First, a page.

Charles Henry Bennett, a 57-year-old TSA worker at Orlando International Airport, is being held without bail after he reportedly confessed to a version of the described events, even acknowledging his shocking request. The girl was allegedly 13 at the time. According to a police report discussed in area media, Bennett allegedly grabbed the girl’s breasts from behind and solicited her.

“It’s unclear exactly where the alleged abuse took place and how Bennett and the girl met, because the arrest report detailing the abuse is heavily redacted,” local news site Florida Today noted.

The arrest was a product of an investigation initiated after the Florida Department of Children and Families was informed of the girl’s allegations, the publication added.

Multiple news agencies cited Bennett’s MySpace page, but none linked readers directly to it. On the page attributed to Bennett, text describes him as “a BDSM Master” with “many years experience in the lifestyle and as a trainer.”

BDSM is an acronym commonly used to refer to sexual fetishes that fall in the bondage, dominance, submission and masochism categories.

“I am very open minded n expect the same from friends. I enjoy meeting new ppl in the lifestyle and those that r curious,” the page adds, concluding that its owner is searching for “Submissive females”.

“Police said the girl was reluctant to provide specific details about the incident and appeared sullen,” NBC affiliate WESH 2 in Orlando reported. “They said she also expressed sorrow at the prospect of Bennett being arrested. While she did not report any other episodes of abuse, she did not deny other acts of sexual assault occurred, the police report said.”

Why We Must Not Always Be Compliant

You may recall this incident in which Steven Bierfeldt, a Ron Paul supporter, was detained by TSA screeners for no other reason than that he was carrying a box of cash:

But it was a good thing he chose to disobey the Transportation Security Administration agent’s unlawful request. His defiance has led to some positive changes:

Bierfeldt and the American Civil Liberties Union, which represented him in a lawsuit, announced in a news release this week that the TSA had changed its rules in response to the litigation.

“It’s a huge victory for civil liberties that TSA agents no longer have free rein to conduct sweeping, baseless searches and detain passengers who don’t pose a threat to flight safety,” Bierfeldt said in a statement.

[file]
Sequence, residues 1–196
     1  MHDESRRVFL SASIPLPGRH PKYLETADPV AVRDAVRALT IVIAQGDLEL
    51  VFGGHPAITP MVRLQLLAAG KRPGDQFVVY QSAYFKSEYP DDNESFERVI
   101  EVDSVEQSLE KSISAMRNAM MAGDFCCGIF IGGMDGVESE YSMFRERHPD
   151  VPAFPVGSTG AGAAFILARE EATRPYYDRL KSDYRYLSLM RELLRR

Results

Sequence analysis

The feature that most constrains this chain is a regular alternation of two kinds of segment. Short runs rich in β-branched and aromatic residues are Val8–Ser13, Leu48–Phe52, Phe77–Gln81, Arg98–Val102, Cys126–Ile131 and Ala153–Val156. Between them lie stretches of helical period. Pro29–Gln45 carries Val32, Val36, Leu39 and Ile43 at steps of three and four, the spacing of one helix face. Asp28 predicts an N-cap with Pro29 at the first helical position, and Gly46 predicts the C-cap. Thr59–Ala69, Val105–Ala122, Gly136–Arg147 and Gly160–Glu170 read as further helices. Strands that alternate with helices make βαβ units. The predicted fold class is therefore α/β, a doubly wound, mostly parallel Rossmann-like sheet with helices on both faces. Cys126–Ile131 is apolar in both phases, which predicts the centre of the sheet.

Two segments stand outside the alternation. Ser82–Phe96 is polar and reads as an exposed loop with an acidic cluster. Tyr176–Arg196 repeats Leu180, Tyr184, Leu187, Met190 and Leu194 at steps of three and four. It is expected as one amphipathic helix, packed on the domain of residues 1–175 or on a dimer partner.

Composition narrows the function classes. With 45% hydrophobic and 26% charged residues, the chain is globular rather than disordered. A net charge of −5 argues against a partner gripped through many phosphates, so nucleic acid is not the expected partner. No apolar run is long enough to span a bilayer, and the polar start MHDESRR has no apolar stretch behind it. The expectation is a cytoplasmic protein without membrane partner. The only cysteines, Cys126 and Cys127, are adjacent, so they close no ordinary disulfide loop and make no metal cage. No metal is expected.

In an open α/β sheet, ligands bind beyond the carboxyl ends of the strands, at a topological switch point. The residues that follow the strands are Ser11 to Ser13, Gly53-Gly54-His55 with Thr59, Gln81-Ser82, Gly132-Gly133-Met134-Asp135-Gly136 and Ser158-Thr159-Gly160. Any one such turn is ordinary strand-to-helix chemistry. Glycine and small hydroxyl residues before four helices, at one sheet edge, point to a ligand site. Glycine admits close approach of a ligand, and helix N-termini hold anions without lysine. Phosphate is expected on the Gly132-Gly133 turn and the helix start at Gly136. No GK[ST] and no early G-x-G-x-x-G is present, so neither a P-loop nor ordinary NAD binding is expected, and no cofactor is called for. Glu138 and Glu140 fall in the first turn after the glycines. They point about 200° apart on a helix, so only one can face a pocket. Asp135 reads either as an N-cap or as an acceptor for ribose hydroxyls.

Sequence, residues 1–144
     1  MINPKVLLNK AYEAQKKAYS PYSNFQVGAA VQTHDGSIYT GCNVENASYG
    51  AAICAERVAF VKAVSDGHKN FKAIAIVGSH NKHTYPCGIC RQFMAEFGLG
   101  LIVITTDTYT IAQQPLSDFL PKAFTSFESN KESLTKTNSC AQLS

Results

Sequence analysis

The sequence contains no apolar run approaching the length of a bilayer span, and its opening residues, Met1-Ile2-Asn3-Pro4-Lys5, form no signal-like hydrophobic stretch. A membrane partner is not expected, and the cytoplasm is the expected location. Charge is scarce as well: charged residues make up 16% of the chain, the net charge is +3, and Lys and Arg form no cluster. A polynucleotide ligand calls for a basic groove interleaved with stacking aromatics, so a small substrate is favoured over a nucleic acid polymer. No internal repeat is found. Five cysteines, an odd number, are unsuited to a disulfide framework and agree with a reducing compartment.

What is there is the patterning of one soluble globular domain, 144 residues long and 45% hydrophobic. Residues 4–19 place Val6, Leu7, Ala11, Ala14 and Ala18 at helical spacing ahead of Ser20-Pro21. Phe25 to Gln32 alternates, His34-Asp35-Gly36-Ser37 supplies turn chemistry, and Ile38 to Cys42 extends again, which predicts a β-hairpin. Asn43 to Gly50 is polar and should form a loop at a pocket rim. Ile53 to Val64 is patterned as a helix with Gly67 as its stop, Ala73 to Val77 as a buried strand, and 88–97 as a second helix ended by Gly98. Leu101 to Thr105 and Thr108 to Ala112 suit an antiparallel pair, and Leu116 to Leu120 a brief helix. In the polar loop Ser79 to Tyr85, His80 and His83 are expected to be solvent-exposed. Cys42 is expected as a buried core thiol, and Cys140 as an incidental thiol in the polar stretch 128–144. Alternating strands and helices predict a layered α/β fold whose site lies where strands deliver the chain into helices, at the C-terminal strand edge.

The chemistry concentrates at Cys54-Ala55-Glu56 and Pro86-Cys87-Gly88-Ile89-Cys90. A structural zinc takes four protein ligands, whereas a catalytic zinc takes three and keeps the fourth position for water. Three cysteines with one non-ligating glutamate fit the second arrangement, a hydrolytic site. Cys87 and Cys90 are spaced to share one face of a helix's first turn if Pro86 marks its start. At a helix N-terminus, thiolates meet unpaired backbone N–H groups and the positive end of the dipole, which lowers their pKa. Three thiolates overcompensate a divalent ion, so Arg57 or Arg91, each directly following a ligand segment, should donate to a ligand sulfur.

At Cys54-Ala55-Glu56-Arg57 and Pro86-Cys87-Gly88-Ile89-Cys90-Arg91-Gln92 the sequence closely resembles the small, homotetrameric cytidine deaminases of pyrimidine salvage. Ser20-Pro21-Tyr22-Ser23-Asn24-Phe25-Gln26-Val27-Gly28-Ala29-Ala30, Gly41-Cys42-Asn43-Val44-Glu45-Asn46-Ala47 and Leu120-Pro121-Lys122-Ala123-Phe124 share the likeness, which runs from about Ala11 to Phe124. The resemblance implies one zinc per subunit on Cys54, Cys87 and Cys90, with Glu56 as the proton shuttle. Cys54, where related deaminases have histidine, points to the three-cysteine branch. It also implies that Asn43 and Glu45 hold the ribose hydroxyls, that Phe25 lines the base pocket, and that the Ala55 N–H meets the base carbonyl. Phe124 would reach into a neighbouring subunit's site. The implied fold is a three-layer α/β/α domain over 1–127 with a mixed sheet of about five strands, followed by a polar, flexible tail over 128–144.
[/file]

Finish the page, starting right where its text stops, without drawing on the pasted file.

Sometimes refusing to play the role of a compliant sheep pays off in the long run.



Permission Now Needed to Travel Within U.S.

Starting this year, Americans will have to get government approval to travel by air. As Privacy Journal revealed last fall, henceforth “Permission Now Needed to Travel Within U.S.” Getting a reservation and checking-in for air travel will soon require Transportation Security Administration authorization. That permission is by no means assured: For example, if your name matches a “no-fly” list, even mistakenly, you can be denied the right to a reserve a seat on a flight. If your name is on a “selectee” list, you and your possessions will be searched more thoroughly before you can board. What is going on here?

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Comics artist Mark Sable detained for “Unthinkable” acts

Boom! Studios sends word that comics writer Mark Sable was detained by Transportation Security Administration security guards at Los Angeles International Airport this past weekend because he was carrying a script for a new issue of his comic miniseries Unthinkable. Sable was detained while traveling to New York for a debut party at Jim Hanley’s Universe today.

The comic series follows members of a government think tank that was tasked with coming up with 9/11-type “unthinkable” terrorist scenarios that now are coming true. (See this article for more on the series.)

Sable wrote of his experiences: “Flying from Los Angeles to New York for a signing at Jim Hanley’s Universe Wednesday (May 13th), I was flagged at the gate for ‘extra screening’. I was subjected to not one, but two invasive searches of my person and belongings. TSA agents then ‘discovered’ the script for Unthinkable #3. They sat and read the script while I stood there, without any personal items, identification or ticket, which had all been confiscated.